Whether you’re a recent college graduate or a seasoned professional, you might be wondering if you should put volunteer work on your resume. Resume space is valued real estate — so how much of it should you spend on your volunteer experience?
We’ll answer this and other key questions below.
1. Should you include volunteer work on your resume?
If you’re on this page already and you’re wondering if you should put volunteer experience on your resume, chances are you should.
Volunteer experience illustrates important skills you possess, and shows that you’re involved in your community. This gives the hiring manager a more complete picture of who you are, making you a more compelling candidate.
According to a LinkedIn survey, 1 out of 5 hiring managers in the U.S. agreed that volunteer experience was a factor in why they hired a candidate. That’s why LinkedIn allows users to boost their profiles with a volunteer experience field.
Similarly, Australian job searching site, SEEK, found that 85% of hiring managers consider volunteer experience just as valid as paid positions — as long as the volunteer work was relevant to the role.
In what situations should you include volunteer experience?
You should incorporate volunteer experience whenever you can. After all, it’s an opportunity to display your attractive qualities and leave a lasting impression on the hiring manager — so, why would you leave it out?
Listing volunteer work is especially important if you:
- Have limited paid professional experience, like a recent high school or college graduate.
- Are transitioning careers, especially if it’s in a field tangential to your volunteer work.
- Have a resume gap, such as a stay-at-home mother about to re-enter the workforce.
- Aim to highlight leadership skills that you haven’t accrued as a paid professional.
To avoid coming off as unprofessional, you have to be smart about where and how you incorporate volunteer work in your resume.
2. How to list volunteer work on your resume
Where and how you list volunteer work on your resume depends on whether it’s applicable to the job you’re applying for.
If you have relevant volunteer experience
If you have relevant volunteer experience, list it in your professional experience section as if it’s a paid position.
Add quantities to your duties and achievements to show the hiring manager exactly what you’re capable of. Be concise — describe how great you are in as few words as possible.
Here’s an example of a weak volunteer experience listing for an applicant for a teacher assistant role, and an example highlighting how you can vastly improve it:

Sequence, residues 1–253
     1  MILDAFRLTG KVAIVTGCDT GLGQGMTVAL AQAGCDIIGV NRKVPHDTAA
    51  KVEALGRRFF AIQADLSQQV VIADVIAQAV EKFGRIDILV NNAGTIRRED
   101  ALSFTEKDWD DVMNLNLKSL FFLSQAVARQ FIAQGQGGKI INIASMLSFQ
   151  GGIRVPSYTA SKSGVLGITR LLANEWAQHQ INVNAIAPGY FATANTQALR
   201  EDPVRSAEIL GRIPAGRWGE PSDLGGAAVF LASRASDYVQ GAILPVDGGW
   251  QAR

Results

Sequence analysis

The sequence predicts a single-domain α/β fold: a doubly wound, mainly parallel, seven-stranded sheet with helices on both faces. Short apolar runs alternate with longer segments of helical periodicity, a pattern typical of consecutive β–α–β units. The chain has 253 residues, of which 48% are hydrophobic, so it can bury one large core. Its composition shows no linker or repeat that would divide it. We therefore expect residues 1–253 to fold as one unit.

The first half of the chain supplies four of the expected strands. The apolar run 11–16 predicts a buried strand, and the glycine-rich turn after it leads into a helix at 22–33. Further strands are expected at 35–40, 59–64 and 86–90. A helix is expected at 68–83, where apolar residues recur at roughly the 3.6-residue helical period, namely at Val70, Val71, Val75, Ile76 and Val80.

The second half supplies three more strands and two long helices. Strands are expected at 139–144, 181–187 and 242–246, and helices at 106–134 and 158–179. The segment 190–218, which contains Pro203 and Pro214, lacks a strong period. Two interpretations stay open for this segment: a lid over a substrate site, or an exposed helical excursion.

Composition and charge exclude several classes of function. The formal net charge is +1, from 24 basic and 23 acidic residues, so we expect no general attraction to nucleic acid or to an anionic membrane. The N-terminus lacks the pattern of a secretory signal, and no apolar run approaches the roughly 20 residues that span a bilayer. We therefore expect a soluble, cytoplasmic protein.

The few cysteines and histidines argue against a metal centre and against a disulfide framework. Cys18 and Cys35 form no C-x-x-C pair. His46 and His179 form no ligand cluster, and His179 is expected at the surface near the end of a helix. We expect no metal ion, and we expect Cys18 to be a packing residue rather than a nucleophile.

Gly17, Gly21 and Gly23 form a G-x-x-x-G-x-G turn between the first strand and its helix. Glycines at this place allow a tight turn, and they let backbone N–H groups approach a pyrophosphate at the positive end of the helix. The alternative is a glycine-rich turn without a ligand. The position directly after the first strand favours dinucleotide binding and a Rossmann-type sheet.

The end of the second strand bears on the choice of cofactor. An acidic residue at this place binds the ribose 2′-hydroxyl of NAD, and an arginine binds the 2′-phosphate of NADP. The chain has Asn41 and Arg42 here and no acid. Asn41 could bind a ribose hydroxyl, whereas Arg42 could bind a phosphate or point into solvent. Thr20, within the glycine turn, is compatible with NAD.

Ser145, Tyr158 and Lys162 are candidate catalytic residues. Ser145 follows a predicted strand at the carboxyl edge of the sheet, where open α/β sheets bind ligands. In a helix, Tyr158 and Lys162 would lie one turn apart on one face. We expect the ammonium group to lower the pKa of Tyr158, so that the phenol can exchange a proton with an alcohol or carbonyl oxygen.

- Attends weekly yoga classes
- Volunteered at Happy Smiles Daycare
- Goes hiking frequently
Happy Smiles Daycare
Volunteer Child Care Worker / Washington, D.C. / June 2017-July 2018
- Assisted the head teacher in classroom management for a class of 15 children aged 3-4 years old.
- Served food during lunch and snack times in an orderly and efficient manner by coordinating with other volunteer child care workers in a team.
- Sang and told stories to prepare children for nap time, successfully putting them to sleep in less than 15 minutes.
- Maintained a secure environment by being constantly vigilant regarding children’s health and physical safety.
If you have non-relevant volunteer experience
If you have non-relevant volunteer experience, list it in a separate “Volunteer Experience”, “Community Service”, or “Additional Activities” section at the bottom of your resume.
However, don’t downplay your experience — you should still take the time to describe your time spent volunteering even if it isn’t directly related to the job at hand. Emphasize the transferable skills you learned while working as a volunteer and describe your duties in quantifiable terms.
Here is an example of how an applicant hoping to become a accountant may choose to depict non-relevant volunteer experiences, and a more impactful way to do it:
- Fundraised for Congresswoman Shelley
- Participated in monthly park cleanups
- Volunteered at the local homeless shelter
- Fundraised over $30,000 over the course of eight months for Congresswoman Shelley.
- Participated in monthly park cleanups, coordinating a team of 15 volunteers.
- Volunteered at the local homeless shelter, serving food and preparing clean bedding for 40 individuals.
3. Should you put volunteer experience in a separate section?
Although it might be tempting to cut seemingly extraneous volunteer work from your resume, keeping it in a separate section is a much better move.
Not only is it a great way to demonstrate transferable skills, but it’s also an intriguing talking point for your interview — think of it as an extra opportunity for you to elaborate on what you bring to the table.
So, don’t deprive yourself of an opportunity to shine by sharing experiences that makes you stand out from the rest!
4. Volunteer work on resume example
If you still have questions about incorporating volunteer experience into your resume, take a look at our volunteer work on resume example below:
Although you may be tempted to leave volunteer work off your resume, you shouldn’t. Use your volunteer experience as an opportunity to show a different side to yourself, as well as reinforce the qualities and skills that make you an appealing candidate. You’ll be hearing from the hiring manager in no time.